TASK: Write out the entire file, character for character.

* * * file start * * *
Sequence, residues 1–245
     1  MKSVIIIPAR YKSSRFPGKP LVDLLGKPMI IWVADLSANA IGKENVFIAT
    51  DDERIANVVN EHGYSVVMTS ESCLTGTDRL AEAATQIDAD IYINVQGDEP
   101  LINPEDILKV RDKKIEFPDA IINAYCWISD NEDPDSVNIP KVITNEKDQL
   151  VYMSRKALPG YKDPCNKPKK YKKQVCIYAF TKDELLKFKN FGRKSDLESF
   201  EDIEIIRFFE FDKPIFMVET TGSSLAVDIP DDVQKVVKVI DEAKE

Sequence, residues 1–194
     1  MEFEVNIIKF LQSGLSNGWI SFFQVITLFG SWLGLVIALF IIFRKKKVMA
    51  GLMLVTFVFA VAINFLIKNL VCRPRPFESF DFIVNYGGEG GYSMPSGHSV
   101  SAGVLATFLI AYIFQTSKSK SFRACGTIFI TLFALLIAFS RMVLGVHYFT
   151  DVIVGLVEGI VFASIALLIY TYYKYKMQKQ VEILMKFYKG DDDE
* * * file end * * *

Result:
Sequence, residues 1–245
     1  MKSVIIIPAR YKSSRFPGKP LVDLLGKPMI IWVADLSANA IGKENVFIAT
    51  DDERIANVVN EHGYSVVMTS ESCLTGTDRL AEAATQIDAD IYINVQGDEP
   101  LINPEDILKV RDKKIEFPDA IINAYCWISD NEDPDSVNIP KVITNEKDQL
   151  VYMSRKALPG YKDPCNKPKK YKKQVCIYAF TKDELLKFKN FGRKSDLESF
   201  EDIEIIRFFE FDKPIFMVET TGSSLAVDIP DDVQKVVKVI DEAKE

Sequence, residues 1–194
     1  MEFEVNIIKF LQSGLSNGWI SFFQVITLFG SWLGLVIALF IIFRKKKVMA
    51  GLMLVTFVFA VAINFLIKNL VCRPRPFESF DFIVNYGGEG GYSMPSGHSV
   101  SAGVLATFLI AYIFQTSKSK SFRACGTIFI TLFALLIAFS RMVLGVHYFT
   151  DVIVGLVEGI VFASIALLIY TYYKYKMQKQ VEILMKFYKG DDDE